Governance is a business imperative, and investors are willing to pay a premium for effective corporate governance. This was one of the key takeaways from the Middle East and North Africa (MENA) Governance and Strategic Leadership Seminar, held recently in Amman, Jordan. We’ve seen this stated priority of governance in the MENA microfinance market exhibited elsewhere, too. A joint IFC-Sanabel report assessing the top perceived risks facing the microfinance industry in the Arab world uncovered that the market’s stakeholders viewed weak corporate governance structures as one of the more threatening risks out of roughly 30 risk categories. Financial service providers in particular perceive this risk to be rising.

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> Posted by Elissa McCarter-LaBorde, CEO, Vitas Group

Alex Silva and Jeffrey Riecke’s recent blog post entitled “What’s ‘Responsible’ about Impact Investing Exits?” hits squarely on the head a critical issue facing our industry. But it doesn’t go far enough. They ask “What if responsible investors sell their stake to an investor that doesn’t place priority on the social mission?” They argue for investors to take a “pragmatic” course and find “a buyer in the middle,” meaning something in between the “high-priced but questionable offer” and the “capital-starved social investors.” This left me wondering, who exactly is in the middle?

In the past, the NGO founders of what are today profitable microfinance banks were expected to be the keepers of a social mission, if not through ownership then through some form of continuing sponsorship or governance role. Compared to five years ago, today we see term sheets that force NGO shareholders out in the name of successful exits. In fact, even the large open-ended funds, presumably more socially-responsible leaning ones, and the development finance institutions (DFIs) that technically don’t require tighter exits of 5-7 years, are coming with term sheets that require a put option (an option contract giving the owner the right to sell assets at an agreed price) in 5-7 years back to the NGO founder or the company, or that include a drag-along right that forces a majority sale to a future “strategic buyer.” In other words, if the minority investor finds a strategic buyer who wishes to buy a majority stake or to acquire the whole company, the investor can drag other shares along to constitute a majority sale.

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> Posted by Ellen Metzger, Consultant

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With stories of fintech success and excitement showing up everywhere, it’s hard not to wonder about the place of banks in the financial landscape of the future. Are fintech providers here to stay or are they the buzz of the day?

The chief officer of finance, innovation and payments at Equity Bank in Kenya, John Staley, strongly stands in favor of banks. He recently argued that banks are in it for the long-term and that fintech companies will come and go – or get absorbed by the banking industry.

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> Posted by Center Staff

Time flies. It’s hard to believe that the Africa Board Fellowship (ABF) program will soon begin its fifth cohort of fellows. Over the past few years and four cohorts, the ABF program has included more than 125 CEOs and board members from over 40 financial inclusion institutions across 35 countries in sub-Saharan Africa. If you’re an inclusive finance leader in sub-Saharan Africa, now’s your chance to join the governance and strategic leadership program. Applications are now open for the fifth cohort.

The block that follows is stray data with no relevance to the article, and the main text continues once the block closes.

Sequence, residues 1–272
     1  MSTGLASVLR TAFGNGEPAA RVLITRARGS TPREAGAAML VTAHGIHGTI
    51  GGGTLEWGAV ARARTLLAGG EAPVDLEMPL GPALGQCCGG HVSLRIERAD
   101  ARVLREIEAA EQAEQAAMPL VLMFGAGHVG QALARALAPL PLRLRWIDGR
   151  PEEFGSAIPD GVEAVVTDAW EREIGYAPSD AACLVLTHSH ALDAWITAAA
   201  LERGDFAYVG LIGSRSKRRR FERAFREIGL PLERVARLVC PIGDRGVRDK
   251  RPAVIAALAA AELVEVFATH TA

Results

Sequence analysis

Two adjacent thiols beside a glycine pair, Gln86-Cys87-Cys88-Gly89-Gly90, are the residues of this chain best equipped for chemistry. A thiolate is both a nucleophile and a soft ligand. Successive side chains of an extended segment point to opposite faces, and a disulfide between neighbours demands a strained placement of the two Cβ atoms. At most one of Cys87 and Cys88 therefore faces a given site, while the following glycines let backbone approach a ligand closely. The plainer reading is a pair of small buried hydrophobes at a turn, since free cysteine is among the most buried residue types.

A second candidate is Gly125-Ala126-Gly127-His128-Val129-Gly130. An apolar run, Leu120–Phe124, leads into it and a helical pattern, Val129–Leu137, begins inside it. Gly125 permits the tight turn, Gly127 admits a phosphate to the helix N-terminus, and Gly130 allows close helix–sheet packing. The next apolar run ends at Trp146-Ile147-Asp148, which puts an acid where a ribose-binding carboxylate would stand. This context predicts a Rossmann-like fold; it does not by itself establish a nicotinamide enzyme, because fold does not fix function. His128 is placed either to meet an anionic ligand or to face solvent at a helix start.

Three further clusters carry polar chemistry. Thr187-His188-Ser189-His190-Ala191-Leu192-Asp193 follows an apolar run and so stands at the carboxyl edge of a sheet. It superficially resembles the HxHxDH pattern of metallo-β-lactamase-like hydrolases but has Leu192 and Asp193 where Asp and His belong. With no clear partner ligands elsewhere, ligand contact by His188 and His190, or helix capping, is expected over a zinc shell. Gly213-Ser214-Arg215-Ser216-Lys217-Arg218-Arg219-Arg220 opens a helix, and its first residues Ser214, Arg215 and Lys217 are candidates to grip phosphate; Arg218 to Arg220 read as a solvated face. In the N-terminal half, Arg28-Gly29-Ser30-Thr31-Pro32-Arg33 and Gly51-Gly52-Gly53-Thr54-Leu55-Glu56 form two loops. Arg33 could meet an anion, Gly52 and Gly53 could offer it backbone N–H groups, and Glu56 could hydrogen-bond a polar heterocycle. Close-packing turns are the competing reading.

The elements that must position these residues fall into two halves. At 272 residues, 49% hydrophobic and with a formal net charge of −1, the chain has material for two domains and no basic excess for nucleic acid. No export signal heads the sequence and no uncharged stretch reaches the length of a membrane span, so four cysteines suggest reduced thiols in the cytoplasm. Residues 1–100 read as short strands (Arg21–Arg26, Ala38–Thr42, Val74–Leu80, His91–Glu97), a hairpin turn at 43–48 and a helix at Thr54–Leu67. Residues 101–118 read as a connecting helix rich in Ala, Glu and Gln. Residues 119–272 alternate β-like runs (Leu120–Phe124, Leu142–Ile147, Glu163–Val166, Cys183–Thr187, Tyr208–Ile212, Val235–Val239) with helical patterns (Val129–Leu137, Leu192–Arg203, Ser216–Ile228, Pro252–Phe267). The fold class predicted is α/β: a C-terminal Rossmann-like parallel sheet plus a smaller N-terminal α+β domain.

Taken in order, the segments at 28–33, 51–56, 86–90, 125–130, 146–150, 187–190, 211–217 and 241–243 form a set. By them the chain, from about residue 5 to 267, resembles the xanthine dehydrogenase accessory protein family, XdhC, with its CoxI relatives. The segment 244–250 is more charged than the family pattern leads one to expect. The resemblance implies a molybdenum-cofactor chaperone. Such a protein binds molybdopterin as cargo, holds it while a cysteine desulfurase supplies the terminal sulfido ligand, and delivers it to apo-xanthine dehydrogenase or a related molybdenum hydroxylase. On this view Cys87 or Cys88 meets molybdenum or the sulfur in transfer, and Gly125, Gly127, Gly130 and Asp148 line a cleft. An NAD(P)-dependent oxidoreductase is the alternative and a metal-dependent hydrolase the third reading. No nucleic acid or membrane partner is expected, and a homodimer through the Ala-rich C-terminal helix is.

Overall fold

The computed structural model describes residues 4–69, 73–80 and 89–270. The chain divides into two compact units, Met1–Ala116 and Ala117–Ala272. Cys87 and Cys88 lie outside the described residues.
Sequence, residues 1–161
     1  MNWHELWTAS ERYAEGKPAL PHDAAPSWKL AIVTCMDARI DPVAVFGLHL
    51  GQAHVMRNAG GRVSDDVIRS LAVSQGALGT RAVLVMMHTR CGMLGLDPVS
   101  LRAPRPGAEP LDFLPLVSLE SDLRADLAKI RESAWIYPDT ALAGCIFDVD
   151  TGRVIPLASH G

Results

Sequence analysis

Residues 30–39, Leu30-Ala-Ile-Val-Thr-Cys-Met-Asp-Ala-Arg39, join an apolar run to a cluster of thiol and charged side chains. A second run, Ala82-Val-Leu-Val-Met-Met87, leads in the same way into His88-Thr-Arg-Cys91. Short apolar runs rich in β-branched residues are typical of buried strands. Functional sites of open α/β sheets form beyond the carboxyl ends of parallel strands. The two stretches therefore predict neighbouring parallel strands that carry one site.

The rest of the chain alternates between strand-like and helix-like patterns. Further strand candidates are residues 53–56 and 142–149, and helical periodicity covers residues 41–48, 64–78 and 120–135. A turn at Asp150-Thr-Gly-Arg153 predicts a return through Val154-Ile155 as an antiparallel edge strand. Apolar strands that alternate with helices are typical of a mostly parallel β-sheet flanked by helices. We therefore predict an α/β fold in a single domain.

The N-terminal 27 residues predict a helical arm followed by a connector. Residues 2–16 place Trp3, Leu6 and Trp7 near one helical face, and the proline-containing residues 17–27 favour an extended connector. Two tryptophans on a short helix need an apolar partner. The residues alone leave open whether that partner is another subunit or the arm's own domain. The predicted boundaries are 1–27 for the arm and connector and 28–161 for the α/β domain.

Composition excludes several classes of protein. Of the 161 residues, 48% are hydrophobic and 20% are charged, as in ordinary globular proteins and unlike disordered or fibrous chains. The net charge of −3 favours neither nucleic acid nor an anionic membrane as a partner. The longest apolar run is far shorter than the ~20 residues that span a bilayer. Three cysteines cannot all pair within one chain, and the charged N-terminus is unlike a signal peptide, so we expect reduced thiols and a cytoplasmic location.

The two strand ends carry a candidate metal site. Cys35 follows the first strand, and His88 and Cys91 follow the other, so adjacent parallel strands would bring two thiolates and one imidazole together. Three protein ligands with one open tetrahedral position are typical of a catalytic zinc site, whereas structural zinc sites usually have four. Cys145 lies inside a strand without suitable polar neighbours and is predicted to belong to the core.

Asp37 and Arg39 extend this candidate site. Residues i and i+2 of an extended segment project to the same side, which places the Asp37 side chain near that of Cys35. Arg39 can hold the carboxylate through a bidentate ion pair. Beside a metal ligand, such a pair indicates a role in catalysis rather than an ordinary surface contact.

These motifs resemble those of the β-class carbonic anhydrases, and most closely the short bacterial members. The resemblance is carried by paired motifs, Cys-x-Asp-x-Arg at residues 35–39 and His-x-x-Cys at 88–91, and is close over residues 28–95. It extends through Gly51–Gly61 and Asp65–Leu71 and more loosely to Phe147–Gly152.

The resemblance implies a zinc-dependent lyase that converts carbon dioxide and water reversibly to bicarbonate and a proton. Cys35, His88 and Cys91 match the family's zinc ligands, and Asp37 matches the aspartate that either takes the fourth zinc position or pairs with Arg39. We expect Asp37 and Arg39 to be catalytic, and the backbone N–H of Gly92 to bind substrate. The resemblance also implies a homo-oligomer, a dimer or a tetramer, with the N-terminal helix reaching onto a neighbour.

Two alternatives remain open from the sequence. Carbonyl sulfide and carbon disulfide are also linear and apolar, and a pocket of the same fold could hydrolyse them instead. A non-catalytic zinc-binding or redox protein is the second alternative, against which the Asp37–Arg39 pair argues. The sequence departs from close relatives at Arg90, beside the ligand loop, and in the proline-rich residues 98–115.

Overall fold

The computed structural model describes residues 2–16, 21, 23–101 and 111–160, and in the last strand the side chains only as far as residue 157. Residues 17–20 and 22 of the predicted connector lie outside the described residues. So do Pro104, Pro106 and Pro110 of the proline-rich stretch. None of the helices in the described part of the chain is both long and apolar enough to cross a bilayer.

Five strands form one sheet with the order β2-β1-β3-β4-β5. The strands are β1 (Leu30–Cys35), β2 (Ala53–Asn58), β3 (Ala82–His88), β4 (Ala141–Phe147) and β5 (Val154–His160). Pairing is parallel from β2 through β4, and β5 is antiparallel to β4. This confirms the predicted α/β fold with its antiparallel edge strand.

ABF recently held two seminars in Cape Town, welcoming the fourth cohort of fellows and graduating the third cohort. With new case studies on disruptive technologies, and an emphasis on interactive role plays and simulations, the seminars proved once again that peer-to-peer exchanges are an effective way to examine best and worst governance practices. To hear the fellows’ takeaways from the two seminars, watch our new video above.

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> Posted by Center Staff

MeetingRoom_MENA.pngYou’d be hard-pressed to list all the ways corporate governance can make (or break!) an organization. In the financial inclusion sector, strong boards ensure effective strategic planning, manage sustainable growth, bolster attractiveness to investors, balance risks, develop client centric products and delivery channels, and, increasingly, act as “strong digital sparring partners for management.”  Yet, a recent study sponsored by the Sanabel Network and the IFC that inspected risks confronting the microfinance sector in the Middle East and North Africa (MENA) found that half of their interviewees perceived corporate governance risk as “high” or “very high.”

Being a board member or CEO of a financial inclusion institution is a great responsibility, and can also be a complex task. All boards have different dynamics and governance best practices can sometimes be nebulous. To address these challenges, Calmeadow, FMO, Sanabel and the CFI are hosting a “Governance and Strategic Leadership Seminar” this March in Amman. This seminar brings together CEOs and board members of leading financial institutions serving the financially excluded in the MENA region to strengthen board capacity through peer learning and exchange. If you’re a leader in MENA’s inclusive finance sector, please consider attending this seminar to contribute your unique experiences and perspectives, and also to learn from the experiences of your peers.

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The views and opinions expressed on this blog, except where otherwise noted, are those of the authors and guest bloggers and do not necessarily reflect the views of the Center for Financial Inclusion or its affiliates.